Yet, he took some hits from capitalist Marc Andreeseen for being an "old white m[a]n crapping on new technology [he doesn't] understand." See Bitcoin: Both Buffet and Andreeseen are Right.
But, about three years ago, I said much the same thing, commenting there are "no quick fixes or easy roads to avoid market volatility and economic instability." See, What is a Bitcoin? Where Did My Bitcoin Go? I see Bitcoin much in the way that Buffett does, basically it is a way to transmit money. It is not a currency of the sort that we expect to be backed by government. The IRS has come out explicitly and classified the Bitcoin as not a currency, but property. See IRS: Virtual Currency Guidance.
If investors expect to make money investing in Bitcoin, there would be costs on the users of the system, much in the way that the credit and debit card system works. But, I have more confidence that losses arising under the debit and credit card system are not ordinarily borne by the consumer. Moreover, those investing in the Bitcoin system expecting their investment to rise would be wise to remember that any investment is speculation. It is reminiscent to me of Gordon Gecko's reminder in Wall Street: Money Never Sleeps:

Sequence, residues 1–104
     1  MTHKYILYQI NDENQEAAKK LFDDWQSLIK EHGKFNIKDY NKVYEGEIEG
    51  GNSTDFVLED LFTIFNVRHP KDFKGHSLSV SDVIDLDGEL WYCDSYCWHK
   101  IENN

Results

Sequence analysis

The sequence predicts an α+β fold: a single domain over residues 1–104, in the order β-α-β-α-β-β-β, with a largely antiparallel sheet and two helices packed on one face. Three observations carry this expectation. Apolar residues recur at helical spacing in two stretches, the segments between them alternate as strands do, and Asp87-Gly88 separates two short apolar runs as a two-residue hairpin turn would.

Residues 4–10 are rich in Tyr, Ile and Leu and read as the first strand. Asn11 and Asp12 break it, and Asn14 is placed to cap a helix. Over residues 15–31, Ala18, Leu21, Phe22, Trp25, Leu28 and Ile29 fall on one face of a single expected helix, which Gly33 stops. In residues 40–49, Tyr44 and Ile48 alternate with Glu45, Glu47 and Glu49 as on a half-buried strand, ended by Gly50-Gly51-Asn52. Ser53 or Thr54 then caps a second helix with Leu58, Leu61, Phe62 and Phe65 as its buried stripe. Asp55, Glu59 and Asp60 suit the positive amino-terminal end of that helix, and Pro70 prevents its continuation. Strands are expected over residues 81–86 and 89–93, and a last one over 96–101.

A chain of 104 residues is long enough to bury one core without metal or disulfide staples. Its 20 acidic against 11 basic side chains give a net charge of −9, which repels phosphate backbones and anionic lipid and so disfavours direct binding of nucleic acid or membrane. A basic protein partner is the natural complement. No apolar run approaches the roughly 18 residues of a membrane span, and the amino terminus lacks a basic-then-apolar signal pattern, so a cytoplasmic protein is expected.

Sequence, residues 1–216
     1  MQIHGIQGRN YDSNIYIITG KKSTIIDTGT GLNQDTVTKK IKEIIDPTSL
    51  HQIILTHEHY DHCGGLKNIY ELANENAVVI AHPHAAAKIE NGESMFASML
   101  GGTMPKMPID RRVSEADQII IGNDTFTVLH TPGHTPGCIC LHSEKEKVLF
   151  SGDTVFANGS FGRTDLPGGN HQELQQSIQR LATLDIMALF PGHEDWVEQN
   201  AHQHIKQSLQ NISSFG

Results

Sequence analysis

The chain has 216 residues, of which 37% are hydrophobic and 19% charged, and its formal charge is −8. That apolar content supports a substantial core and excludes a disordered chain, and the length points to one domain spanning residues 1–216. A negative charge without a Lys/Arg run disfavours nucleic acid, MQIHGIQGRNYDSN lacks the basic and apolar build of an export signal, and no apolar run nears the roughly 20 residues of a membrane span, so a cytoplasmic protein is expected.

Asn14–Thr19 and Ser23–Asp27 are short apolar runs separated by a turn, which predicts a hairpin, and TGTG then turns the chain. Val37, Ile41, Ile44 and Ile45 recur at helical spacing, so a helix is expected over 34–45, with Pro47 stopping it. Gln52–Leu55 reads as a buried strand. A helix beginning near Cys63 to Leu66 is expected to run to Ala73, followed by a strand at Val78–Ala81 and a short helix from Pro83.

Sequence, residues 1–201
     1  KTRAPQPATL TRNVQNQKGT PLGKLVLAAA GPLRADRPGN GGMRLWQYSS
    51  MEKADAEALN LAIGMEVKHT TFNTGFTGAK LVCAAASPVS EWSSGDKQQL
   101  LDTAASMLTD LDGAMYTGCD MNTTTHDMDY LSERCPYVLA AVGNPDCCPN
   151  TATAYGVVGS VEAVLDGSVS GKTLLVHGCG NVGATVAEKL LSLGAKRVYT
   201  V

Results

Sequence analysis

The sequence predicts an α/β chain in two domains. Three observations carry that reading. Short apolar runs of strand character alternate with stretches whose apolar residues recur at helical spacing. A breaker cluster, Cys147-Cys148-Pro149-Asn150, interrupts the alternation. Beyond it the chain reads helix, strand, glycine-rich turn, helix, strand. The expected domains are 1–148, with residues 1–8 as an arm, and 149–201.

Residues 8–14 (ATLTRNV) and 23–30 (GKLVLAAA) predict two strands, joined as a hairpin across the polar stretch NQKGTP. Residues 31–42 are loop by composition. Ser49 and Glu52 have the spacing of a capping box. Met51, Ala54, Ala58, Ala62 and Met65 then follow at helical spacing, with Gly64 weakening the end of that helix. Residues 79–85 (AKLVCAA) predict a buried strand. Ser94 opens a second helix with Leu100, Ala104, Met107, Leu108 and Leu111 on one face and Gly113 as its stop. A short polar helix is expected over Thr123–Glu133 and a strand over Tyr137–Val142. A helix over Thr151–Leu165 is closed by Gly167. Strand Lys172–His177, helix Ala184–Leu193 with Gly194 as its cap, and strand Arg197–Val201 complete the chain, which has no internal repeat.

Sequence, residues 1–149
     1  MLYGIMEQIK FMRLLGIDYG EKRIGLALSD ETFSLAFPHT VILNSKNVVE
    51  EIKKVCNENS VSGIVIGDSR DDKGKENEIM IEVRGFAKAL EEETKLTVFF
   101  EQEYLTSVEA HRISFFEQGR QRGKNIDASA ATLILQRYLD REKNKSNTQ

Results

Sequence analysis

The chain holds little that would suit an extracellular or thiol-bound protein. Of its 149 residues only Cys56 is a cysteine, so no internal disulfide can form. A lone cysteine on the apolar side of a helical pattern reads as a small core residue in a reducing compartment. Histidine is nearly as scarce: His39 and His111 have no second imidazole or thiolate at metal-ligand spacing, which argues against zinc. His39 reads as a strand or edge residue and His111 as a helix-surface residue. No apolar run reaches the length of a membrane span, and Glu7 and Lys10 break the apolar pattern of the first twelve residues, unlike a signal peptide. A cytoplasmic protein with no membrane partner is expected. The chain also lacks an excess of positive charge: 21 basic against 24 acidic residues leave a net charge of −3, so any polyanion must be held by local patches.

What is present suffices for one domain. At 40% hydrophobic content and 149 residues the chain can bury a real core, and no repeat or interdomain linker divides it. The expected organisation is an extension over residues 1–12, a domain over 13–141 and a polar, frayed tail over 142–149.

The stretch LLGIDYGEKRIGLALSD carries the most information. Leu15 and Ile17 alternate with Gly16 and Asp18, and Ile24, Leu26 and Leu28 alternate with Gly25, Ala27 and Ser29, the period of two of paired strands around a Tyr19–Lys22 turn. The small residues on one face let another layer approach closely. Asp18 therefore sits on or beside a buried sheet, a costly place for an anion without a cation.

Back in the 1600s, the Dutch, they got speculation fever to the point that you could buy a beautiful house on a canal in Amsterdam for the price of one bulb. They called it 'Tulip Mania.' Then it collapsed. You could buy 10 bulbs for two dollars. People got wiped out, but who remembers?
But, I seem to recall a whole lot of people recently losing money on Bitcoin. See, Bitcoin's Mt. Gox Goes Offline. Perhaps my memory is starting to fade with old age.